This week, The Mist, originally written by Stephen King in 1980, and directed by Frank Darabont in 2007. With Frank Darabont’s new series, The Walking Dead coming out today, I thought it worthwhile to check out perhaps the least renowned of his movies, The Mist. It follows a group trapped in a supermarket as a dense fog surrounds the building. As strange creatures start to emerge, the survivors must fight for their lives and their humanity. It is based on a novella by Stephen King, which can be found in his collection Skeleton Crew. Darabont has focused virtually all his creative work around King. Considering how much the latter is known for creating fear, the former has focused in on his more dramatic titles, most famously in The Shawshank Redemption and The Green Mile. This trend is certainly not followed in The Mist, which is a straight horror through and through. The source material runs in at over two hundred pages, and is absolutely classic King. It has all the hallmarks; a strange religious vibe; monsters in the North-East small town America; excessive violence to the nicest of people. The biggest flaw in King’s writing has always been rambling tangents that leave the story far behind, and for me his best work always comes in at under three hundred pages. The Mist is a good example; this is a writer trapped in a corner, and as the mist descends, a chilling and exciting novella emerges. There’s no escaping the intrinsic silliness of monsters coming out the fog, and in the hands of so many the film adaptation would have descended into a camp disaster. Darabont is without doubt the best man for the job. He sticks fastidiously to the source material (except for one exception which I will get to later), and keeps in all the best moments from the book. However, this is not just an accurate translation, but a triumph in itself.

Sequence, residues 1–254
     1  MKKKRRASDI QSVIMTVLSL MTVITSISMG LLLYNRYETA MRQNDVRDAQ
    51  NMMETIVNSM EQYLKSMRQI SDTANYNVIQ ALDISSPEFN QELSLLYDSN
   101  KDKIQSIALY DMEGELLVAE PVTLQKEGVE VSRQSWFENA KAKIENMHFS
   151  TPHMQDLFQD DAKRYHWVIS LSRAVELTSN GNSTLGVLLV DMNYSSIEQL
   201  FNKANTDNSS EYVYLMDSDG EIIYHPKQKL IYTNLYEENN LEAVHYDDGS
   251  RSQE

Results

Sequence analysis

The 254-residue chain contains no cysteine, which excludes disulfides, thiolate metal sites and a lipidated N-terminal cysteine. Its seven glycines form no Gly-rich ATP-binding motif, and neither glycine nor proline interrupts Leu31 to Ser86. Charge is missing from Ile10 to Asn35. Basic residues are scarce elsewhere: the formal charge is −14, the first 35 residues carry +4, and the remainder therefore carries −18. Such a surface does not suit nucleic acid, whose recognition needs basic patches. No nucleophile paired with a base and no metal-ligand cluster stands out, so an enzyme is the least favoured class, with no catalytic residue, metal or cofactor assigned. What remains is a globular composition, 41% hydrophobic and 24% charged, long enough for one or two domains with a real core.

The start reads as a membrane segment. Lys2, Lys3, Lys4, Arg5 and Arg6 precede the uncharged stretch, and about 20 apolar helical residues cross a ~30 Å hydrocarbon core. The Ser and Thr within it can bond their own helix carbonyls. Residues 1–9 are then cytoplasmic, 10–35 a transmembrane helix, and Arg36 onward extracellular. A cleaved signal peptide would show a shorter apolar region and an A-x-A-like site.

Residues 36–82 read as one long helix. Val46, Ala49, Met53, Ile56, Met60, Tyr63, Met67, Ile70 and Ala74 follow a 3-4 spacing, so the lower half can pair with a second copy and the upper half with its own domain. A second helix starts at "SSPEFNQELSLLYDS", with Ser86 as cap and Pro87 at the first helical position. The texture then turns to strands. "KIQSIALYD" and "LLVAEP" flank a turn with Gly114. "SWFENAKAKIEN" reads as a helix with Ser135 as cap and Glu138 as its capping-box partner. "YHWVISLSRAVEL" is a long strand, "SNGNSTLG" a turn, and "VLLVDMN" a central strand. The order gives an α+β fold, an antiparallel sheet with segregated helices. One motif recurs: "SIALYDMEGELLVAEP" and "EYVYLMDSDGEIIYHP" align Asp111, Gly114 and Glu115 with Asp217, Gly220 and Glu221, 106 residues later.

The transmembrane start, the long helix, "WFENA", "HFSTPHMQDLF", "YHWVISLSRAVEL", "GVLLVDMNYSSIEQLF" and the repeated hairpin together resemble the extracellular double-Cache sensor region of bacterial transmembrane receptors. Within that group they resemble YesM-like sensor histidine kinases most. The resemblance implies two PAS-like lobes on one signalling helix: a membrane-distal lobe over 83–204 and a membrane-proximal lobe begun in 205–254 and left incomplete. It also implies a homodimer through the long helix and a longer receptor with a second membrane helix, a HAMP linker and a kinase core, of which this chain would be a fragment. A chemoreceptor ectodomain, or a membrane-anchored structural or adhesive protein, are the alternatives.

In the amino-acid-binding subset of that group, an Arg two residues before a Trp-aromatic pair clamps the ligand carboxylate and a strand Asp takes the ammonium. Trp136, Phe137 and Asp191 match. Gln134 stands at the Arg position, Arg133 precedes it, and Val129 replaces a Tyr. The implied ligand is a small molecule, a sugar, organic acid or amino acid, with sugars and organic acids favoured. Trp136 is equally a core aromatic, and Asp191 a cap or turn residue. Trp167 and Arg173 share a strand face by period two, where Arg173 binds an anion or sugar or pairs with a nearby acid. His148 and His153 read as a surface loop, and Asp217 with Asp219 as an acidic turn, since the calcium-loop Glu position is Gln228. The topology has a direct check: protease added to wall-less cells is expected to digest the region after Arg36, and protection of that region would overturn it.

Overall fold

It is often said less is more when it comes to cinematic endeavours. Whilst, this might be true, crucially it depends on what 'less' you have. The Mist works because it focuses so much on the people. Whereas the obvious direction to take it is either a gorefest or a tedious two hour building of tension, it looks at how the human race copes under extreme pressure of a unknown and ridiculous threat. The main thrust comes from a woman; Mother Carmady, who is convinced the whole event is Armageddon, and slowly manages to turn a skeptical crowd into deranged occultists. Without giving anything away, her opinions can never be dismissed and her influence slowly grows. Chillingly, it suggests that although violence might not be the answer, it may be the inevitable consequence of a situation like this. There are no real heroes or villains, only scared human beings trying to make the right decisions. My one criticism is that the relationship between father and son isn’t explored as much as in the source material, and the mother being far, far away doesn’t raise as much concern as it should. That said, the acting is flawless, and considering the size of the cast every character is memorable and wonderful. Filled with jumps, surprises and tension, and an ingenious documentary style in the vein of Paul Greengrass, I cannot praise Darabont enough for turning this from an also-ran into a fantastic piece of cinema. Those looking forward to The Walking Dead should watch this and get very excited indeed. Sadly the budget cannot quite live up to this in the monsters themselves, which although pleasing are clearly low grade CGI. Yet it is a testament to cast and crew when they arrive we can be scared by them, and believe them as a realistic threat.
The real shocker comes at the ending, the first massive deviation from the book. I don’t want to give anything away, but it is an astonishingly brave choice by Darabont to change it as he does. It is so remarkable that the whole of this article could have been about it, and my opinions on it as a change from the source material. If pressed, I would have to say that I'm not that keen on it, but it is such a shock that you really have to see it for yourself. If I am brutally honest, neither is the film an absolute classic, and this is truer for fans of King than of Darabont. But both are just so solid in their deliverance that for anyone who likes this genre will get a great deal of enjoyment from book and film, not once but many times over. Verdict: The closest to a draw there has yet been in this series. The book wins by a paper margin, thanks to a better opening, a better relationship between son and mother, and the slightly ropey monsters in Darabont’s creation. If only all adaptations were like this.